CALIFORNIA | LOCAL
November 5, 1995
On Oct. 28, almost 500 teachers, their families and the business and education communities celebrated Orange County's 1996 Teachers of the Year, and not one word of that unique event reached your readers. Drive-by shootings and sit-ins grabbed the headlines from 44 very deserving teachers who were applauded and rewarded as "the best of Orange County." Unique is the correct word. The Dr. James Hines Foundation, financed by philanthropists William and Sue Gross, presented $100,000 in checks.
CALIFORNIA | LOCAL
December 18, 1994
George Washington is recorded to have said to a group of Indian chiefs who decided to bring their children to American schools: "You do well to wish to learn our arts and our ways of life, and above all, the religion of Jesus Christ . . . " I'll bet that's not taught in any of Orange County's public schools. The Orange County superintendent of schools, John F. Dean, defends the elite minority ("Lawmakers Can Better Help Pupils," Dec. 11) against the vast majority of Americans who want prayer and the Bible returned to our schools.
CALIFORNIA | LOCAL
June 7, 1990 | TONY MARCANO, TIMES STAFF WRITER
A few months ago, most of them were all but unknown to most county residents. But when the votes were tallied early Wednesday, they had marched into the limelight. John F. Dean, a Whittier College professor of education; Joy L. Neugebauer, a veteran of the Westminster City Council, and James G. Enright, chief deputy district attorney, stunned incumbents by winning enough votes to force November runoffs. None captured a post outright, and two, Neugebauer and Enright, face uphill struggles.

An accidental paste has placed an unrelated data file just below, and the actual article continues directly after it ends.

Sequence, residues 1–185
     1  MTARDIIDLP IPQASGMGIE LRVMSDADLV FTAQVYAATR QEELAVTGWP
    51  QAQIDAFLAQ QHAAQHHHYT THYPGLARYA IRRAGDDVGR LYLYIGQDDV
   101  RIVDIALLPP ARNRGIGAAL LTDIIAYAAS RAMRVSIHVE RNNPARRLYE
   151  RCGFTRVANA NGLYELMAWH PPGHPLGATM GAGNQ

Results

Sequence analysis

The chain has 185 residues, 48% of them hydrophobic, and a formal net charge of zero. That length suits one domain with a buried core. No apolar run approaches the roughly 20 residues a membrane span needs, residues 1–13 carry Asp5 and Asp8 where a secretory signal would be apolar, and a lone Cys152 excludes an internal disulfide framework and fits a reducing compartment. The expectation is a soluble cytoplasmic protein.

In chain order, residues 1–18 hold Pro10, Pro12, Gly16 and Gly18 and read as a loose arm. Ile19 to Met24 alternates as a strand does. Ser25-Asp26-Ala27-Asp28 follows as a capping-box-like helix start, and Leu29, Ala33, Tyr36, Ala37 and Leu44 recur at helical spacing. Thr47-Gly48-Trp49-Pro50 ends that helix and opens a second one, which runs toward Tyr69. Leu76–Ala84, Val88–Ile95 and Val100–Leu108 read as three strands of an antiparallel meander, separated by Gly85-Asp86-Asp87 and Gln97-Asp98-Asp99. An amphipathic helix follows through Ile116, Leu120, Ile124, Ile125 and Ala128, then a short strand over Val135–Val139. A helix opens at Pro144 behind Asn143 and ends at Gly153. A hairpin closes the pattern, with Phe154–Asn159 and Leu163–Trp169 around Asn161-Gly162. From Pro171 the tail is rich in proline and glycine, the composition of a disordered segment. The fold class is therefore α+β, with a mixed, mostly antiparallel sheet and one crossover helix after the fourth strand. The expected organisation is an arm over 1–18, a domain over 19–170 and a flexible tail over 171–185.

CALIFORNIA | LOCAL
March 27, 1988
John F. Dean (Letters, March 20) sure doesn't let the facts get in the way of his attack on Assemblyman Gil Ferguson's (R-Newport Beach) record. Dean claims that none of Ferguson's important legislation has passed, and he attempts to cite the assemblyman's recent districtwide newsletter as his source. However, the newsletter clearly states that only a selected list of Ferguson's bills are included and further shows those measures which have passed. The mark of an effective legislator, for Republicans, is not how many laws a representative gets passed.
CALIFORNIA | LOCAL
February 5, 1995
Times columnist Dana Parsons is far too hard on Orange County schools Supt. John F. Dean, who decried the "media feeding frenzy" since the Board of Supervisors' bankruptcy pronouncement on Dec. 6. Parsons maintains in his Jan. 22 column that "the media has more than honored its compact with Orange County readers." As a seasoned newspaper professional, Parsons is welcome to his opinion, just as he allows that Dean is welcome to his opinion. As a reader of the Orange County edition of The Times for 23 years and as an observer of Orange County for that period of time, I have to agree with Dean that the media has way overdone the bankruptcy coverage.
CALIFORNIA | LOCAL